[$] Managing multifunction devices with the auxiliary bus

Thursday 17th of December 2020 07:04:27 PM
Device drivers usually live within a single kernel subsystem. Sometimes, however, developers need to handle functionalities outside of this model. Consider, for example, a network interface card (NIC) exposing both Ethernet and RDMA functionalities. There is one hardware block, but two drivers for the two functions. Those drivers need to work within their respective subsystems, but they must also share access to the same hardware. There is no standard way in current kernels to connect those drivers together, so developers invent ad-hoc methods to handle the interaction between them. Recently, Dave Ertman posted a patch set introducing a new type of a bus, called the "auxiliary bus", to address this problem.

Security updates for Thursday

Thursday 17th of December 2020 02:21:29 PM
Security updates have been issued by Debian (firefox-esr, sympa, thunderbird, tomcat8, and xerces-c), Fedora (fprintd, kernel, libfprint, and synergy), Mageia (bitcoin, dpic, firefox, jasper, jupyter-notebook, sam2p, thunderbird, and x11-server), Oracle (firefox, gd, kernel, net-snmp, openssl, python-rtslib, samba, and targetcli), Red Hat (fapolicyd, openshift, Red Hat Virtualization, and web-admin-build), SUSE (xen), and Ubuntu (unzip).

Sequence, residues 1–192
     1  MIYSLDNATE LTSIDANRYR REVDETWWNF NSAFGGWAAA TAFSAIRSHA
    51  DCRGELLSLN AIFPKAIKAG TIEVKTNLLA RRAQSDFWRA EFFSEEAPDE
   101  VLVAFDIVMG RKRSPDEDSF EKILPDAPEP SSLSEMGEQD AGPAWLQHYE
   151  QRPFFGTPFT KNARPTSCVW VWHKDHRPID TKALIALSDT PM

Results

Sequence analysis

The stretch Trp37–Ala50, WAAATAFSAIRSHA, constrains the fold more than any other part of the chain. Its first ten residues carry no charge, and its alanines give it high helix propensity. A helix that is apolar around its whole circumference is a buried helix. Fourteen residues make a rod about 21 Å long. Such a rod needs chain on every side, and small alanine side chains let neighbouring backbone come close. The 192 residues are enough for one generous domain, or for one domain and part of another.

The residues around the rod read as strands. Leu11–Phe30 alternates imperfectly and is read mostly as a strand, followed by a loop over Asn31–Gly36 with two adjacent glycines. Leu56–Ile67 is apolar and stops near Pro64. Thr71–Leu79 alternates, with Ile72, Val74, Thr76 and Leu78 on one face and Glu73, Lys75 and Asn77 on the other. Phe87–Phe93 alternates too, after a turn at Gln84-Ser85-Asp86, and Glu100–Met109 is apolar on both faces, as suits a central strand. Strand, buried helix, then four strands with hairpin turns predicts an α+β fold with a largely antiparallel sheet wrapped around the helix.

LWN.net Weekly Edition for December 17, 2020

Thursday 17th of December 2020 12:50:16 AM
The LWN.net Weekly Edition for December 17, 2020 is available.

Speeding up CPython

Wednesday 16th of December 2020 07:34:22 PM
Python, at least in the CPython reference implementation, is not a particularly speedy language. That is not at all surprising to anyone who has used it—the language is optimized for understandability and development speed, instead. There have been lots of efforts over the years to speed up various parts of the interpreter, compiler, and virtual-machine bytecode execution, though no comprehensive overhaul has been merged into CPython. An interesting new proposal could perhaps change that, though it is unclear at this point if it will take off.